Los Angeles the City of Los Angeles and known by its initials L. A. is the most populous city in California, the second most populous city in the United States, after New York City, the third most populous city in North America. With an estimated population of four million, Los Angeles is the cultural and commercial center of Southern California; the city is known for its Mediterranean climate, ethnic diversity and the entertainment industry, its sprawling metropolis. Los Angeles is the largest city on the West Coast of North America. Los Angeles is in a large basin bounded by the Pacific Ocean on one side and by mountains as high as 10,000 feet on the other; the city proper, which covers about 469 square miles, is the seat of Los Angeles County, the most populated county in the country. Los Angeles is the principal city of the Los Angeles metropolitan area, the second largest in the United States after that of New York City, with a population of 13.1 million. It is part of the Los Angeles-Long Beach combined statistical area the nation's second most populous area with a 2015 estimated population of 18.7 million.
Los Angeles is one of the most substantial economic engines within the United States, with a diverse economy in a broad range of professional and cultural fields. Los Angeles is famous as the home of Hollywood, a major center of the world entertainment industry. A global city, it has been ranked 6th in the Global Cities Index and 9th in the Global Economic Power Index; the Los Angeles metropolitan area has a gross metropolitan product of $1.044 trillion, making it the third-largest in the world, after the Tokyo and New York metropolitan areas. Los Angeles hosted the 1932 and 1984 Summer Olympics and will host the event for a third time in 2028; the city hosted the Miss Universe pageant twice, in 1990 and 2006, was one of 9 American cities to host the 1994 FIFA men's soccer World Cup and one of 8 to host the 1999 FIFA women's soccer World Cup, hosting the final match for both tournaments. Home to the Chumash and Tongva, Los Angeles was claimed by Juan Rodríguez Cabrillo for Spain in 1542 along with the rest of what would become Alta California.
The city was founded on September 4, 1781, by Spanish governor Felipe de Neve. It became a part of Mexico in 1821 following the Mexican War of Independence. In 1848, at the end of the Mexican–American War, Los Angeles and the rest of California were purchased as part of the Treaty of Guadalupe Hidalgo, becoming part of the United States. Los Angeles was incorporated as a municipality on April 4, 1850, five months before California achieved statehood; the discovery of oil in the 1890s brought rapid growth to the city. The completion of the Los Angeles Aqueduct in 1913, delivering water from Eastern California assured the city's continued rapid growth; the Los Angeles coastal area was settled by the Chumash tribes. A Gabrieleño settlement in the area was called iyáangẚ, meaning "poison oak place". Maritime explorer Juan Rodríguez Cabrillo claimed the area of southern California for the Spanish Empire in 1542 while on an official military exploring expedition moving north along the Pacific coast from earlier colonizing bases of New Spain in Central and South America.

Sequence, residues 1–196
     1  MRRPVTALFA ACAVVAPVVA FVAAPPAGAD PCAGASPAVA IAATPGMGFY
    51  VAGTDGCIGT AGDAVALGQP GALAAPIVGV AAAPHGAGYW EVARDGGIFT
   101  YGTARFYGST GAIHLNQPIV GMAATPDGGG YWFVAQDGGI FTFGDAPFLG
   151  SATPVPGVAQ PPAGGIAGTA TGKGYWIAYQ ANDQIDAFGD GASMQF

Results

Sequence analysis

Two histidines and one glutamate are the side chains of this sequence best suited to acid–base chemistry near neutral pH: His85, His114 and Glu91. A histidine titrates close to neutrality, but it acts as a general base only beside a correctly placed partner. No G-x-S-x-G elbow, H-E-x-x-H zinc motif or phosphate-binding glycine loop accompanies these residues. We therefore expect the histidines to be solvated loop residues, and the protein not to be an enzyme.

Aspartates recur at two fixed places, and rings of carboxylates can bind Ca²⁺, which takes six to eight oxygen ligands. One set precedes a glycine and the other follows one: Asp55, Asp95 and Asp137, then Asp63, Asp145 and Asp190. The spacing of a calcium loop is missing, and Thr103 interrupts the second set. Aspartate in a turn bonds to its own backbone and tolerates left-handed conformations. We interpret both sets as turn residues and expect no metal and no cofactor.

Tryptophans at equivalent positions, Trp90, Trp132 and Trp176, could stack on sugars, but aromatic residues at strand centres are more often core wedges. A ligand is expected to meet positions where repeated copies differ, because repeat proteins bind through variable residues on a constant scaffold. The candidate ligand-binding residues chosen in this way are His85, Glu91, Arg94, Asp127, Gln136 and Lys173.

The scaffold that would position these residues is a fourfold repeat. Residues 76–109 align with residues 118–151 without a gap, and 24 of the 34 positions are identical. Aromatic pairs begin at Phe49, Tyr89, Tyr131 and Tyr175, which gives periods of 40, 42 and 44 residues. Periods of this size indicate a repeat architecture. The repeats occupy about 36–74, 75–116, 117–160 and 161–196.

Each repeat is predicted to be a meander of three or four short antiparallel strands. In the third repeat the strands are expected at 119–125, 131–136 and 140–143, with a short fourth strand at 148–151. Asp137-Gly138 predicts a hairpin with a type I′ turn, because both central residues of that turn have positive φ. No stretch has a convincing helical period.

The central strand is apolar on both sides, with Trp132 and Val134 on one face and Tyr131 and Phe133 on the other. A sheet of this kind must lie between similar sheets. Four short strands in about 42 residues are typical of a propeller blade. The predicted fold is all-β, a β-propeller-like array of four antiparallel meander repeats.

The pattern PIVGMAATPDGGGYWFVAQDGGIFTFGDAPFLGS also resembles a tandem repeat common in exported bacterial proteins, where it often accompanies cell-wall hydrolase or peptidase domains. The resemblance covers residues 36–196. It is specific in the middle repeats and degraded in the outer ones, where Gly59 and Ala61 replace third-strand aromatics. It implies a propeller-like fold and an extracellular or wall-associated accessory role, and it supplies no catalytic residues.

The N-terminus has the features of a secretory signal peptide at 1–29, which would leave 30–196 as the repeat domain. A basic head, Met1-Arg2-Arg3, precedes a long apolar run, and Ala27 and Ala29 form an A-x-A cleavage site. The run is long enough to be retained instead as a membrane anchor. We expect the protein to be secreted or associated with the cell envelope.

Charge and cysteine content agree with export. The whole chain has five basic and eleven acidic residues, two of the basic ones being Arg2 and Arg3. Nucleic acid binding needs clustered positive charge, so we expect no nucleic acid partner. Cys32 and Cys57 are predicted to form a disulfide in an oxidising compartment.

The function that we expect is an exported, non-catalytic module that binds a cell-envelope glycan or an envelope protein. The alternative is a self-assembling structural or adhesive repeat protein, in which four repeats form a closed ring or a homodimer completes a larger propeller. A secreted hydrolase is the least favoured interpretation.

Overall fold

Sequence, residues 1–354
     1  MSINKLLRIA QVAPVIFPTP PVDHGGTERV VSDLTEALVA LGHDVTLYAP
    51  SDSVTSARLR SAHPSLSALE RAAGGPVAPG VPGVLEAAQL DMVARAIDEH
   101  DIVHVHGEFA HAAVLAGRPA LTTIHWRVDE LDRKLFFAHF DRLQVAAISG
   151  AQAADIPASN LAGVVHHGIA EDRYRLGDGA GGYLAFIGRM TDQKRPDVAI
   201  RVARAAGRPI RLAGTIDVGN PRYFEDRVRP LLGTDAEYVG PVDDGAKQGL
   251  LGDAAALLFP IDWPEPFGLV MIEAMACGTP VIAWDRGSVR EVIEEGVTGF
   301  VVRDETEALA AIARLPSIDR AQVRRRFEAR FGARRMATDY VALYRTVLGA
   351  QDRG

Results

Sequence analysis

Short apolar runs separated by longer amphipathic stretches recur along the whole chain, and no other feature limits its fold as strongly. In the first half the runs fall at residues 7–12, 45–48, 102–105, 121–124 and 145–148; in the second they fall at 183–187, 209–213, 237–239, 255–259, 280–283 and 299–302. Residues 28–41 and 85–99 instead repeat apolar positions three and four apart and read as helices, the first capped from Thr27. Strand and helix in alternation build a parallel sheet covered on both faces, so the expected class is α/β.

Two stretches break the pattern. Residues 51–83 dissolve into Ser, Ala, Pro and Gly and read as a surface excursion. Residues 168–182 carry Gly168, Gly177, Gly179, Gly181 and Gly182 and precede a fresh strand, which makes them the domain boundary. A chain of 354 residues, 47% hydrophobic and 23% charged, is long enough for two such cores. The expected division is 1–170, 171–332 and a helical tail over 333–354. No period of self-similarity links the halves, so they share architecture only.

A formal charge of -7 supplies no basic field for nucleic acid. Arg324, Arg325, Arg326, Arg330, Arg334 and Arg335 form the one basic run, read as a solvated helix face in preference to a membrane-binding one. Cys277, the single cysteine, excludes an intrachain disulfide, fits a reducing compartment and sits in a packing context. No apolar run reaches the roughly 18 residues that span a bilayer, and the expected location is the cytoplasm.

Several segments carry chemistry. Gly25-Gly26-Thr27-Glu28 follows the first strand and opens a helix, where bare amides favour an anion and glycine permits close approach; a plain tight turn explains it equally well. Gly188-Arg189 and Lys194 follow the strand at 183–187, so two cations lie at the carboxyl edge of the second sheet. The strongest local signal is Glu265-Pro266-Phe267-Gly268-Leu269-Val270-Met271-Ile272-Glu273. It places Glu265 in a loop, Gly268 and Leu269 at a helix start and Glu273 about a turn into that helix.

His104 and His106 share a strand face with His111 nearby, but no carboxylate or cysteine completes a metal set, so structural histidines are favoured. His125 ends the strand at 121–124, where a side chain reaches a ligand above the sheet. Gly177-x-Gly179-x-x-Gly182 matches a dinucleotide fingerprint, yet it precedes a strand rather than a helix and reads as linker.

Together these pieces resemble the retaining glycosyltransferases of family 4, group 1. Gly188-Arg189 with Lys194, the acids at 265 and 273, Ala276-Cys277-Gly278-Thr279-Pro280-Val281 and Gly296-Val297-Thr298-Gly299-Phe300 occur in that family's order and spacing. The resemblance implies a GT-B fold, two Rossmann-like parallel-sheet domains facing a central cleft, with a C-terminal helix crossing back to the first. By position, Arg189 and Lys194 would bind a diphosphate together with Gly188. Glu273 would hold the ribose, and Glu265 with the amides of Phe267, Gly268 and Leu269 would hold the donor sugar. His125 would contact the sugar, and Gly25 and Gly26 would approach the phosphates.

Gaspar de Portolà and Franciscan missionary Juan Crespí, reached the present site of Los Angeles on August 2, 1769. In 1771, Franciscan friar Junípero Serra directed the building of the Mission San Gabriel Arcángel, the first mission in the area. On September 4, 1781, a group of forty-four settlers known as "Los Pobladores" founded the pueblo they called El Pueblo de Nuestra Señora la Reina de los Ángeles,'The Town of Our Lady the Queen of the Angels'; the present-day city has the largest Roman Catholic Archdiocese in the United States. Two-thirds of the Mexican or settlers were mestizo or mulatto, a mixture of African and European ancestry; the settlement remained a small ranch town for decades, but by 1820, the population had increased to about 650 residents. Today, the pueblo is commemorated in the historic district of Los Angeles Pueblo Plaza and Olvera Street, the oldest part of Los Angeles. New Spain achieved its independence from the Spanish Empire in 1821, the pueblo continued as a part of Mexico.
During Mexican rule, Governor Pío Pico made Los Angeles Alta California's regional capital. Mexican rule ended during the Mexican–American War: Americans took control from the Californios after a series of battles, culminating with the signing of the Treaty of Cahuenga on January 13, 1847. Railroads arrived with the completion of the transcontinental Southern Pacific line to Los Angeles in 1876 and the Santa Fe Railroad in 1885. Petroleum was discovered in the city and surrounding area in 1892, by 1923, the discoveries had helped California become the country's largest oil producer, accounting for about one-quarter of the world's petroleum output. By 1900, the population had grown to more than 102,000; the completion of the Los Angeles Aqueduct in 1913, under the supervision of William Mulholland, assured the continued growth of the city. Due to clauses in the city's charter that prevented the City of Los Angeles from selling or providing water from the aqueduct to any area outside its borders, many adjacent city and communities became compelled to annex themselves into Los Angeles.